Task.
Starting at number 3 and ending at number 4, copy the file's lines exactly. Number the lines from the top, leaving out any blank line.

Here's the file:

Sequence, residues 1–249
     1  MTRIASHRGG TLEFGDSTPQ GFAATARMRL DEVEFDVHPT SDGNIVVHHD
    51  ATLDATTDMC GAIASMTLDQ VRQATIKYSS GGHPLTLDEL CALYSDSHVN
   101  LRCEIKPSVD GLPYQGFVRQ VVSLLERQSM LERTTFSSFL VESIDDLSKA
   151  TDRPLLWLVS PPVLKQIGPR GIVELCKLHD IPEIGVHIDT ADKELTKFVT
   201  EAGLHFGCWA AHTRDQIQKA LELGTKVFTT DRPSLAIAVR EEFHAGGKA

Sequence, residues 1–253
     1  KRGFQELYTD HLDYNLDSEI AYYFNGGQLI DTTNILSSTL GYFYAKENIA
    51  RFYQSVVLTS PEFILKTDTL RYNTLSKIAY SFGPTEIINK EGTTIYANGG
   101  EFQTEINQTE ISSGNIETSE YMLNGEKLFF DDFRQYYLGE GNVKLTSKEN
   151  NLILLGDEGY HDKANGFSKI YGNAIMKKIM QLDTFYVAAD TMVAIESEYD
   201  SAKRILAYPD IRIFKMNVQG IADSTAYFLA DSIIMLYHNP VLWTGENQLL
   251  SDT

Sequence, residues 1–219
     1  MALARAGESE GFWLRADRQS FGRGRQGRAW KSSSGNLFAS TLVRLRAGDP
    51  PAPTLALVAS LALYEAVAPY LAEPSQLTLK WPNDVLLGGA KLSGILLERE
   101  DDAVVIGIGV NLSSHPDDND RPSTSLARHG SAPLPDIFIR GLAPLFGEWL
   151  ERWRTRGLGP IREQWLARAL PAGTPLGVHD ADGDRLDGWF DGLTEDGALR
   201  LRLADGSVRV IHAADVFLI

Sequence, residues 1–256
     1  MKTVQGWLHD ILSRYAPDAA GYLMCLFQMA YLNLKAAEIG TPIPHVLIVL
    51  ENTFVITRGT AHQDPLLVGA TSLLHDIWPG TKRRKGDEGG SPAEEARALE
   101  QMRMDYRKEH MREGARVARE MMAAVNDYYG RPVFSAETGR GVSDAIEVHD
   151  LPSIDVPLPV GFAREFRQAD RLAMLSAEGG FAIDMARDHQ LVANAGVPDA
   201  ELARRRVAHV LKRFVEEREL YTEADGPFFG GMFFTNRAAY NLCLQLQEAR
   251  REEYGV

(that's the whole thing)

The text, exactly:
    51  ATLDATTDMC GAIASMTLDQ VRQATIKYSS GGHPLTLDEL CALYSDSHVN
   101  LRCEIKPSVD GLPYQGFVRQ VVSLLERQSM LERTTFSSFL VESIDDLSKA